Thalassemia is a blood disorder which is common in the Mediterranean, North Africa, and Western and Southern Asia. It is estimated to have killed about 18,000 people in 2010 alone, although this figure may be inaccurate, given that the disease is common in area's of the world where it is difficult to pick up on health issues.
It affects the haemoglobin and red blood cells, which limits the amount of oxygen that can be sent around the body. This can lead to issues such as infection, bone deformities, enlarged spleen, slower growth rates, and heart issues. Because the treatment can involve frequent blood transfusions, this can also lead to increased amounts of iron in the blood (although this can also happen because of the disease itself), which then has to be dealt with through medication.
It has survived as it tends to protect the individual from malaria, which is why it is found in in area's where malaria is, or used to be, an issue. For example, the Tharu people in Nepal and India live in a part of the world that has a very heavy malaria infestation, but have very low infection rates. Genes for thalasseamia have been found in almost all of the individuals in the Tharu population.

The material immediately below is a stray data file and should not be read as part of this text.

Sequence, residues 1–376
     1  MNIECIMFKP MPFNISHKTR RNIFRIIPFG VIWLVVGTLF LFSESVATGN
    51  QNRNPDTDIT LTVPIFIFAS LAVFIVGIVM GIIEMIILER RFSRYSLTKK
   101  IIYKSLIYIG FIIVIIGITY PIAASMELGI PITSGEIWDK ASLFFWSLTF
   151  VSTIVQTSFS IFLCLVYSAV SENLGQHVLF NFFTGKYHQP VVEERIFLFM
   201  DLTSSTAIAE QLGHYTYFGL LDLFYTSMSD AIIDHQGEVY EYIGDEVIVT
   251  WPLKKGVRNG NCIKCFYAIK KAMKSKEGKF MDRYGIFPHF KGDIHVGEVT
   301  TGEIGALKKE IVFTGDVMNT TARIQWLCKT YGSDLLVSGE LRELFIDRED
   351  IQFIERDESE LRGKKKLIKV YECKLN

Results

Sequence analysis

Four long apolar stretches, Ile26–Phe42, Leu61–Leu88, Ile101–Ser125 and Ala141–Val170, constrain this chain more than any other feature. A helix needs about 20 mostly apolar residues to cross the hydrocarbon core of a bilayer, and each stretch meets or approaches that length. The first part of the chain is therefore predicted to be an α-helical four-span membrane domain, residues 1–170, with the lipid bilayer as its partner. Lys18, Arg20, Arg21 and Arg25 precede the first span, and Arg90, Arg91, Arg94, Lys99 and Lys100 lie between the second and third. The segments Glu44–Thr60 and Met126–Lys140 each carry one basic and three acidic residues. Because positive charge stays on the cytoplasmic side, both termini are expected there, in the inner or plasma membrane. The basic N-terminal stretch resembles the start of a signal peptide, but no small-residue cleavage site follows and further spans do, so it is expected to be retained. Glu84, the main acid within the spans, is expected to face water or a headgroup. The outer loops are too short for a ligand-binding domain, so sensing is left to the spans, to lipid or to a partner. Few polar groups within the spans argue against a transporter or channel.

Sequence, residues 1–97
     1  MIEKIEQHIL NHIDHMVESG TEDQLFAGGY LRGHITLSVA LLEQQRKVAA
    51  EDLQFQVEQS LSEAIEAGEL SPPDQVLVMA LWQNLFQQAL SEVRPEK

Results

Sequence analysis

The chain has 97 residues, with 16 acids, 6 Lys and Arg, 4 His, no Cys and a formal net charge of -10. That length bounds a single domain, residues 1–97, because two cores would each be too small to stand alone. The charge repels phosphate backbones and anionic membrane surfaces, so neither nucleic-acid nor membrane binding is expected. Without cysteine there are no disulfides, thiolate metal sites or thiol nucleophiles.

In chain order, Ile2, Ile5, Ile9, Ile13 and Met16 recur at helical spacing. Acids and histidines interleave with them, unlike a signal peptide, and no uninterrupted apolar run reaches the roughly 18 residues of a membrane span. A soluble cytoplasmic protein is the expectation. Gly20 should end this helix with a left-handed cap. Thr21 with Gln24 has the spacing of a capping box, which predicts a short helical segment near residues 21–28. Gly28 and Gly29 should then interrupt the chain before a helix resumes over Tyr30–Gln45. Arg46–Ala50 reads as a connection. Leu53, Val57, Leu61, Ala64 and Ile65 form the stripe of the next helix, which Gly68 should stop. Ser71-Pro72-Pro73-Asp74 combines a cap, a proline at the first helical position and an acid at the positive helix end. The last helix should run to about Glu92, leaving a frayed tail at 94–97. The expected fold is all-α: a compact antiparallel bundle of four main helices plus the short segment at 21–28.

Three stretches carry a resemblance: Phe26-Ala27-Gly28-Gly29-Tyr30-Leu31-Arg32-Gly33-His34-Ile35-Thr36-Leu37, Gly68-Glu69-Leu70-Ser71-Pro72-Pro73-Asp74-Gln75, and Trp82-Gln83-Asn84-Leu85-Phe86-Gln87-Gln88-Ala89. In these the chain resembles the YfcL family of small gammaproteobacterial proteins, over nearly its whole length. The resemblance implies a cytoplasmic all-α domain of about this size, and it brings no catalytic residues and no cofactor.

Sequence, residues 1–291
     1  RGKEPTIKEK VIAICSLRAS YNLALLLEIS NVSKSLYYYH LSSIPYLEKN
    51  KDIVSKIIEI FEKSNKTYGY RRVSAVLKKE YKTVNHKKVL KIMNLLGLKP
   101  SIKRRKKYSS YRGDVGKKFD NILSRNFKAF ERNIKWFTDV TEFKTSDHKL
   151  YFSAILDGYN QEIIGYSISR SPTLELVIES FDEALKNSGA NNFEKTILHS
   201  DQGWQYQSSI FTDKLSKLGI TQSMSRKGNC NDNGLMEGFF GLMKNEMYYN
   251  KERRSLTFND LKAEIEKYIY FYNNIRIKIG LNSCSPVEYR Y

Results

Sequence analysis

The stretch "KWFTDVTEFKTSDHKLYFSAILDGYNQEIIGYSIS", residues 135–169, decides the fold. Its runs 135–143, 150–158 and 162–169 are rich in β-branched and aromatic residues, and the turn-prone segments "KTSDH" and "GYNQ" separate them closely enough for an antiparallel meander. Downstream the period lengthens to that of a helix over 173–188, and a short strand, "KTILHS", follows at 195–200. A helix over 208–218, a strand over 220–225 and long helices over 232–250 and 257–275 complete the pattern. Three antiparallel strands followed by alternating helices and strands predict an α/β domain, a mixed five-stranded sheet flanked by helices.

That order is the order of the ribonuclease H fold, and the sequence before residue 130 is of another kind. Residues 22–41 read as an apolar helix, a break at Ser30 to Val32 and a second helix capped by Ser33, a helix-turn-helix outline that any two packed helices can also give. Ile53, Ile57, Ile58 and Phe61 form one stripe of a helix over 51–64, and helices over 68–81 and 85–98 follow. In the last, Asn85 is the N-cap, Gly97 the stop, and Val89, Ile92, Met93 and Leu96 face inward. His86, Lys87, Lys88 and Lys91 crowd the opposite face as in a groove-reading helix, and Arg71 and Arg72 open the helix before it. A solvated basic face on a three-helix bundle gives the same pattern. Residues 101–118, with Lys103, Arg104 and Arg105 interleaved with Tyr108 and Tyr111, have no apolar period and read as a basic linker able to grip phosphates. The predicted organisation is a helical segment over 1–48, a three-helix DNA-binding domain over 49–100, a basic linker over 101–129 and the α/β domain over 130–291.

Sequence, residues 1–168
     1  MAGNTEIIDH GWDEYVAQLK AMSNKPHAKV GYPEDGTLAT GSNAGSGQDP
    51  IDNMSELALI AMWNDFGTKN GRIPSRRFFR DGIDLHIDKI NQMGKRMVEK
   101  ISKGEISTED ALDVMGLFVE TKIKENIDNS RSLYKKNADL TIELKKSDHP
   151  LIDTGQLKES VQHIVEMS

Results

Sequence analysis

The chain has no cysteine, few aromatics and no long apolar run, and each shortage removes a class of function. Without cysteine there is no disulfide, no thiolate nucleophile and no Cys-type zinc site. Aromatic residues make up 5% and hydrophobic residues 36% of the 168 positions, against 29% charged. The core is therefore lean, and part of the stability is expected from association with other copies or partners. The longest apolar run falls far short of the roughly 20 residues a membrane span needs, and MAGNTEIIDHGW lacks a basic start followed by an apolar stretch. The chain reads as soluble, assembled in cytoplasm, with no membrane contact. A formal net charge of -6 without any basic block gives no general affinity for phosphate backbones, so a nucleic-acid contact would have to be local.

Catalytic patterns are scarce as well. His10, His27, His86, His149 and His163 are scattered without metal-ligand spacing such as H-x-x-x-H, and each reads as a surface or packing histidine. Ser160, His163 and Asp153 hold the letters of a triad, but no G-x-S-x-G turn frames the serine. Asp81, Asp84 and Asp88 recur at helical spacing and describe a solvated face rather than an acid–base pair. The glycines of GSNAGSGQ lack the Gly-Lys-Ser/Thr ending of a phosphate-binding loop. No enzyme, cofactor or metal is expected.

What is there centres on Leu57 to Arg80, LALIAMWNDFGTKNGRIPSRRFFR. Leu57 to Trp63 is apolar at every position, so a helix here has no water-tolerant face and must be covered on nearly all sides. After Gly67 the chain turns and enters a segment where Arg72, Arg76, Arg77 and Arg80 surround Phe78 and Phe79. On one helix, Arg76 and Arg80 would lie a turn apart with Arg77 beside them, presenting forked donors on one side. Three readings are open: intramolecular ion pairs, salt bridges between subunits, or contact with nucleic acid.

How can it be contracted?
Thalassemia is passed genetically, and can only be passed if both parents are affected. If they are both affected, then there is a 25% chance their child will be unaffected, a 50% chance they will have the ability to pass on the disorder, but will be unaffected themselves, and a 25% chance they will be affected.
Is there a treatment?
There are only really two ways of curing Thalassemia. The first is to get a transplant of bone marrow, or (less commonly) blood from an umbilical cord. Both have to be from a sibling to have a large chance of success, and ideally transplanted when the patient is young.
The second is preventative. If people check whether they have the disorder, and know whether they need to check children before they are born, thalassaemia could be eradicated in a generation. This is happening in Cyprus, which has one of the highest rates of the disorder in the world (16%), but through screening and abortion, rarely has a case in the younger generation.